Scada Review 2017: Schneider Electric
June 2017, System Integration & Control Systems Design
Name: Details withheld at reviewer request
Name: Johan Potgieter
Designation: Service Engineer
Company: Schneider Electric
Phone: +27 (0)11 046 2021
Product name and version: Citect Scada 2015 Service Pack 1
Vendor: Schneider Electric
Phone: +27 (0)11 046 1900
Location: Brits, North West
Project start date: 2015-05
Project end date: 2015-05
Server OS: Windows Server 2008R2
Client OS: Windows 7
Tag count: Digital = 49 120, Integers = 21 555, Real = 914, String = 75; Long = 751; Digital alarms = 35 774; Total = 108 189
Updates per day: 6 436 800 (745 tags per 10 second)
Disk space for one day’s updates: 84 MB
Front ends: PLC = Mitsubishi Q Series
Licences: No new licences were purchased; however upgrades to the latest version were included as a part of the annual support contact.
Scada configuration man-hours: 40 hours
Q: Briefly describe the application including information on any pre-existing control system.
The client has been using Citect Scada V7.2 solutions since 2010. The upgrade to Citect Scada 2015 was made to allow for greater flexibility, page template upgrade for wide screen resolution, enhanced alarm management and more functionality.
Q: What was the primary motivation for the project?
Project simplification and engineering efficiency.
Q: What were the main goals established for the project?
1: Standardisation of objects and templates across all plant sections.
2: Implement ISA-95 equipment model.
3: Consolidate all plant sections into single system.
Q: In the procurement decision-making process what were the primary considerations that influenced the product selection?
Current installed base is Citect Scada and Citect Historian.
Licensing, maintenance & support
Q: What upgrade agreements are in place on this particular application?
A Service Level Agreement with remote support, and a Technology Agreement on the scada software.
Q: How is after-sales support handled on this application?
This is provided via regular site visits and remote support by Schneider Electric.
Q: Do you have a documented process in place to manage, test and install OS and scada system software patches?
Updates and patches are first tested by the Schneider Electric in a simulated environment before being deployed to the production system.
Integration, reporting and archiving
Q: Is the scada system integrated onto an intranet or the Internet?
Yes. The system allows for remote SLA support across a VPN to the client. An overview project was also created with the upgrade, to give managers a remote overview session over the IT network.
Q: Is the system integrated with an MES/ERP or other management reporting or control system?
Yes. Client bespoke MES, the connection is done via SQL through Citect Historian.
Q: Do you run the scada in conjunction with any third-party application software?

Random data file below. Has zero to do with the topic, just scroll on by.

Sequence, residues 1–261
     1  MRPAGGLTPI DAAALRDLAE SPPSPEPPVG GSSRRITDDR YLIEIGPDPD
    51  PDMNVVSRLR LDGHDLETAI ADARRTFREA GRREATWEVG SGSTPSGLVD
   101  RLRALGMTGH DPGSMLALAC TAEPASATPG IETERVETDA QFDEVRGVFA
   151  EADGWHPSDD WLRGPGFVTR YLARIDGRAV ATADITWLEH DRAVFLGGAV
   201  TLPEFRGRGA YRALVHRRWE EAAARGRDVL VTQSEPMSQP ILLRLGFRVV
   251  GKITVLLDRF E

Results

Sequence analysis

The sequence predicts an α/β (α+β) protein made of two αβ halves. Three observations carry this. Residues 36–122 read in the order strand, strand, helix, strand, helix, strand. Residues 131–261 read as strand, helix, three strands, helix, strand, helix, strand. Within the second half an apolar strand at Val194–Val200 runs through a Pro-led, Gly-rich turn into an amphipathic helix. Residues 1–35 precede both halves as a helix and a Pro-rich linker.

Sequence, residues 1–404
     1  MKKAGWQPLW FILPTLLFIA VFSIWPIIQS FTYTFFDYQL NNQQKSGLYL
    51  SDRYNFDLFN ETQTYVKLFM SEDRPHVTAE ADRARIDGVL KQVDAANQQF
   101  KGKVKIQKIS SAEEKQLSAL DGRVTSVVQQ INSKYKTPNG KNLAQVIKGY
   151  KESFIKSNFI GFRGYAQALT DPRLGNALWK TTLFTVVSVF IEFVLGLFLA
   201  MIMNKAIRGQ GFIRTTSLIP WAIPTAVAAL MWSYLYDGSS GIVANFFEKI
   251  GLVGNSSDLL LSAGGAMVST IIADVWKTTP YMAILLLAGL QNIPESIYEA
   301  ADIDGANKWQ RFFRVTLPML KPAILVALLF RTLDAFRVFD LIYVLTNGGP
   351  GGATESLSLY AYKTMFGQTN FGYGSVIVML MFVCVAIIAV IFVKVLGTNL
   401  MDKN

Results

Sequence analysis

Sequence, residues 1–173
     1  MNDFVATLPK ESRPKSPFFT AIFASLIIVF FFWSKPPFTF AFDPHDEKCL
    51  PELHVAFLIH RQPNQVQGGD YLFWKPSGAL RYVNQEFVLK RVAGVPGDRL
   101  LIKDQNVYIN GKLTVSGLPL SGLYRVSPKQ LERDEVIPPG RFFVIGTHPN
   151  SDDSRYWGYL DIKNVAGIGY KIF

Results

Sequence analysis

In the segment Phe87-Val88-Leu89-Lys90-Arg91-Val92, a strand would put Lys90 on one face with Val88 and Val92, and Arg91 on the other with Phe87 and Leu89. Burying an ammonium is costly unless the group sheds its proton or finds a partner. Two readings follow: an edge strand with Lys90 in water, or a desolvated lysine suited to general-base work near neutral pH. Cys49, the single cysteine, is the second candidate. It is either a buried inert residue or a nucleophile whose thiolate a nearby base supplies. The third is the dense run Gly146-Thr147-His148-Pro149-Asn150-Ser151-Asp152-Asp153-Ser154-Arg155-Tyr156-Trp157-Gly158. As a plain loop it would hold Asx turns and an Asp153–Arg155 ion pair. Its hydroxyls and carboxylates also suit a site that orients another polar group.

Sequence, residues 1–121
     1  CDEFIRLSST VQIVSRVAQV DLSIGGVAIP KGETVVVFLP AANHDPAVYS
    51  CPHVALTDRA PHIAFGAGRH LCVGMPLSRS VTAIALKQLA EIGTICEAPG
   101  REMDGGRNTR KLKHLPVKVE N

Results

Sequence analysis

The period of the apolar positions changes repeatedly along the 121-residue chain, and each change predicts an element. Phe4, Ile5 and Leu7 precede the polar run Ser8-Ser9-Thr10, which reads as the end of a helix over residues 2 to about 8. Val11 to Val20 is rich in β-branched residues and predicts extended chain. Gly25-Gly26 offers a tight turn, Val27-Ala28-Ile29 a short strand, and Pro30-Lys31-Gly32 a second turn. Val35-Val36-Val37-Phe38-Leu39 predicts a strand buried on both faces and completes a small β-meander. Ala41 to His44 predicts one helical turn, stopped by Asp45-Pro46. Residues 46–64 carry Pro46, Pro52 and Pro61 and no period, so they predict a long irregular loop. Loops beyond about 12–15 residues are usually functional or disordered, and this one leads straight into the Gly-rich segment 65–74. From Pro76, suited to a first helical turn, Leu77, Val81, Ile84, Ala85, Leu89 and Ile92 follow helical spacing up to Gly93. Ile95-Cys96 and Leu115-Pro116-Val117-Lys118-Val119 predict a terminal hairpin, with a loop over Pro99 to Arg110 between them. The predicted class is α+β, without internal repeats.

Yes, bin material allocation. Third-party software is used to allocate bin material and quantities to specific bins. This information is sent to the scada system where operators can select specific material and routing.
Q: Does the application include data archiving/historian capabilities with an historical data reporting system?
Yes. The scada system connects to Schneider Electric Citect Historian via CTAPI protocol where data is captured into a Microsoft SQL database. SSRS Reports are generated for every shift, day, month and year, and can be accessed on any workstation across the plant, or via VPN. In conjunction an overview dashboard of the plant production was created which refreshes every 5 seconds. This is used only by managers, when managers connect to a remote session on the scada the dashboard is the first view displayed.
Maintenance, reliability and asset optimisation
Q: Have any operational or production benchmarking tools been configured as part of the scada system?
Yes. Target and actual values are displayed on all batching KPAs.
Q: What was the predominant feature (or features) that made you decide to purchase this scada product over all others for this application?
Uniform look and feel. Alarm handling.
Q: What was the most significant change that you implemented in scada engineering practice/technology in this project?
Employed one standard page template throughout the plant to improve development and give a uniform look and feel.
Q: What single operational feature most impresses you about the product now that it is in operation?
The new and improved Alarming Engine. Architectural changes relating to alarm request processing delivers greatly improved Active Alarm, Sequence of Events (SOE), Summary & Count display time; even over latent networks. The Alarm Summary provides a long-term archive and automatic refresh of Summary Pages and Full 64-bit Alarm Server meets scalability demand. Alarm server synchronisation following network disturbances is improved.
Q: What impresses you most about the architecture?
The small hardware server footprint for the scada application, where a single server is used for alarming, logging, trending, and scanning to PLCs, reduces overall costs. (See diagram.)